Before I begin, let’s take a moment to acknowledge our deep history and connection to this land on which I am speaking today.
At St. Thomas we recognize and are grateful for the links we share with the Mdewakanton Sioux communities. We acknowledge that the land on which we stand is the ancestral land of indigenous peoples.
As a Catholic institution committed to justice and solidarity, we also commit to a journey of learning and acknowledging more about our past and our privilege. This includes acknowledging the land and its native people and our responsibility to work toward reconciliation.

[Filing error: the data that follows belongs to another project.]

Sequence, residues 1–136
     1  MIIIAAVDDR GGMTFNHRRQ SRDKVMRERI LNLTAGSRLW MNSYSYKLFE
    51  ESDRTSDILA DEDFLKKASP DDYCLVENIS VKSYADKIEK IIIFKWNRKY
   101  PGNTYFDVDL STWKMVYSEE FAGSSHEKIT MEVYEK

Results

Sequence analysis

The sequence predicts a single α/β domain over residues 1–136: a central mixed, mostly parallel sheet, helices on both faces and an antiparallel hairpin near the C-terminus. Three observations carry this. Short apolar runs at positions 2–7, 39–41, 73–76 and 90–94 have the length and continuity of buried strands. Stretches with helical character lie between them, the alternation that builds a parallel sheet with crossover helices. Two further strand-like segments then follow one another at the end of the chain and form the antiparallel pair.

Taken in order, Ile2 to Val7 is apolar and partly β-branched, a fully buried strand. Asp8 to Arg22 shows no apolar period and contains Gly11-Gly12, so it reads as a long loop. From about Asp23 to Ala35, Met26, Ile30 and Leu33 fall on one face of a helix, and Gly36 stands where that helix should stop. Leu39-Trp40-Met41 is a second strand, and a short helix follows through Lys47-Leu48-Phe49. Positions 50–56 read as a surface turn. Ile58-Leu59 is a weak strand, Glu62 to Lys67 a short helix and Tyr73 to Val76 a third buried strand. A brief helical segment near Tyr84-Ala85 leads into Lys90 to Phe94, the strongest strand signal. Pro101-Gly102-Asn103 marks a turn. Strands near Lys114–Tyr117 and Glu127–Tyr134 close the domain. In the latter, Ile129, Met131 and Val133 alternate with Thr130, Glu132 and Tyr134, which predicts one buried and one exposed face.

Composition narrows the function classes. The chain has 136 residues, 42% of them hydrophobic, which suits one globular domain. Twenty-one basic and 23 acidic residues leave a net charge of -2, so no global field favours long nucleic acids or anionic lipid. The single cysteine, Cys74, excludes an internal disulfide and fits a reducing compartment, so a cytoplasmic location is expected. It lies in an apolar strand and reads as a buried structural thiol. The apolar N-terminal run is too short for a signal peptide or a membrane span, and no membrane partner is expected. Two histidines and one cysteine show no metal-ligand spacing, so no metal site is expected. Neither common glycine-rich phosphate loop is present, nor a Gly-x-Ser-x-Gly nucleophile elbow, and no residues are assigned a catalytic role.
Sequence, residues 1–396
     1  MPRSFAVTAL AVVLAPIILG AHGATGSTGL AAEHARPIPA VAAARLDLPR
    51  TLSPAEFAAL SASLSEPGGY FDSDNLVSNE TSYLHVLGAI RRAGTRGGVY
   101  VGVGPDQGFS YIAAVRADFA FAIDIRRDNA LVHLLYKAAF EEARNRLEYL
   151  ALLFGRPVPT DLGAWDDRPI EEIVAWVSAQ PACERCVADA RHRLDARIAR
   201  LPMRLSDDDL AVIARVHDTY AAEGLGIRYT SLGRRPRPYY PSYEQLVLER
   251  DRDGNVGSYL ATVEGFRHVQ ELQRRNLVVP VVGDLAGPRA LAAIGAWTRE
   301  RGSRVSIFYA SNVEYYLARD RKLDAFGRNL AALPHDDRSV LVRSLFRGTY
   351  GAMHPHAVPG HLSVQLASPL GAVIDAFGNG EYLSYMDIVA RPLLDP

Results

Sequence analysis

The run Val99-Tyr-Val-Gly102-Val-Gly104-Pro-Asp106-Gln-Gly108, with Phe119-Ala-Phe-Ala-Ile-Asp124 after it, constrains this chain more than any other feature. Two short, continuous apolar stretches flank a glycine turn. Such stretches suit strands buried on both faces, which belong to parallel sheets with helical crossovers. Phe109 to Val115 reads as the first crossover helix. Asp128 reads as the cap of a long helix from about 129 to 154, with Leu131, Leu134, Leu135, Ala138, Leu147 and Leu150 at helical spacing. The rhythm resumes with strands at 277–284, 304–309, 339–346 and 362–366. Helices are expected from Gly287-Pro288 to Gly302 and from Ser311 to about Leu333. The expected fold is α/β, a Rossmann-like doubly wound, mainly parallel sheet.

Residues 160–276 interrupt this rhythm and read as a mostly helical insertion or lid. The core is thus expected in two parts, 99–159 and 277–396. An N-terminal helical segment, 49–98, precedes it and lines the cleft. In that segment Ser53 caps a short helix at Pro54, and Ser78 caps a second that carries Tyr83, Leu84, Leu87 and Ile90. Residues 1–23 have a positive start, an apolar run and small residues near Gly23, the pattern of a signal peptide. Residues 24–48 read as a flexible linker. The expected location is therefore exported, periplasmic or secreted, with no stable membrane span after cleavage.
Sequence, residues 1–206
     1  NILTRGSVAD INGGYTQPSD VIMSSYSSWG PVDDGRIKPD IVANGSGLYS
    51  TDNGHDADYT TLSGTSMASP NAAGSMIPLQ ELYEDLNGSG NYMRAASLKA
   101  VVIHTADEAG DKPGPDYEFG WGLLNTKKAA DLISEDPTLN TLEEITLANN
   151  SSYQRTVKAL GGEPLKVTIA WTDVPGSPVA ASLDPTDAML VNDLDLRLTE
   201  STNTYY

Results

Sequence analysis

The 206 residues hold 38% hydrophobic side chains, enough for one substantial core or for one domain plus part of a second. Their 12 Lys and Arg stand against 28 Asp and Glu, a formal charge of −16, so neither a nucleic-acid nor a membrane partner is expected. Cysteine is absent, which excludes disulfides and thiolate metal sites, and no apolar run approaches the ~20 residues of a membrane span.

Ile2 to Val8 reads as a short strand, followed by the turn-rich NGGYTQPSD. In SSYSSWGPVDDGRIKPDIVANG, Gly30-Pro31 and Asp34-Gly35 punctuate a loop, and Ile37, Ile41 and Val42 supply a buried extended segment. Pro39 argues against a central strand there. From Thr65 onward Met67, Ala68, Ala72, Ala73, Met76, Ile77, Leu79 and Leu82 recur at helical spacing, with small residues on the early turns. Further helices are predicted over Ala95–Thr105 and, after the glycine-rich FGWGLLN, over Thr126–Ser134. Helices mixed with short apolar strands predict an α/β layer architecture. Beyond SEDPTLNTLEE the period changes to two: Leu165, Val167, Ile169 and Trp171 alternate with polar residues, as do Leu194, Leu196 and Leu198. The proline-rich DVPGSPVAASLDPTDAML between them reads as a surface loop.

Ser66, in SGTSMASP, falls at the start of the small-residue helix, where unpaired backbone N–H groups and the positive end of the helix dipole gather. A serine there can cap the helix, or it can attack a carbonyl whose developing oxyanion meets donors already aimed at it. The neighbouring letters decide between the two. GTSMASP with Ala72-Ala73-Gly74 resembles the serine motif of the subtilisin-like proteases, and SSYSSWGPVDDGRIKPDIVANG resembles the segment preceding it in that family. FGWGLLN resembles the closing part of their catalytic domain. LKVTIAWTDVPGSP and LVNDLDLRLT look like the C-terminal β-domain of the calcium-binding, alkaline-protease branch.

Celebrating St. Thomas 2020
Again, thank you for taking the time out of your busy days and lives to come together.
This State of the University is a chance to celebrate our past, acknowledge where we are today, and look together to the future, to envision how St. Thomas will continue to flourish as its best self.
St. Thomas has always had a forward-thinking mindset. Since our founding by Archbishop John Ireland, we have been a place of innovation and change.
This calendar year marks the final year of St. Thomas 2020, the strategic plan that guided our work during the past five years.
We have much to celebrate thanks to the hard work of so many of you!
Rather than list new buildings and programs, let me highlight for you how this plan guided us in furthering our mission of advancing the common good, putting our students at the center of all we do, encountering the community and increasing access.
Advancing the common good
First, the plan helped us break down barriers.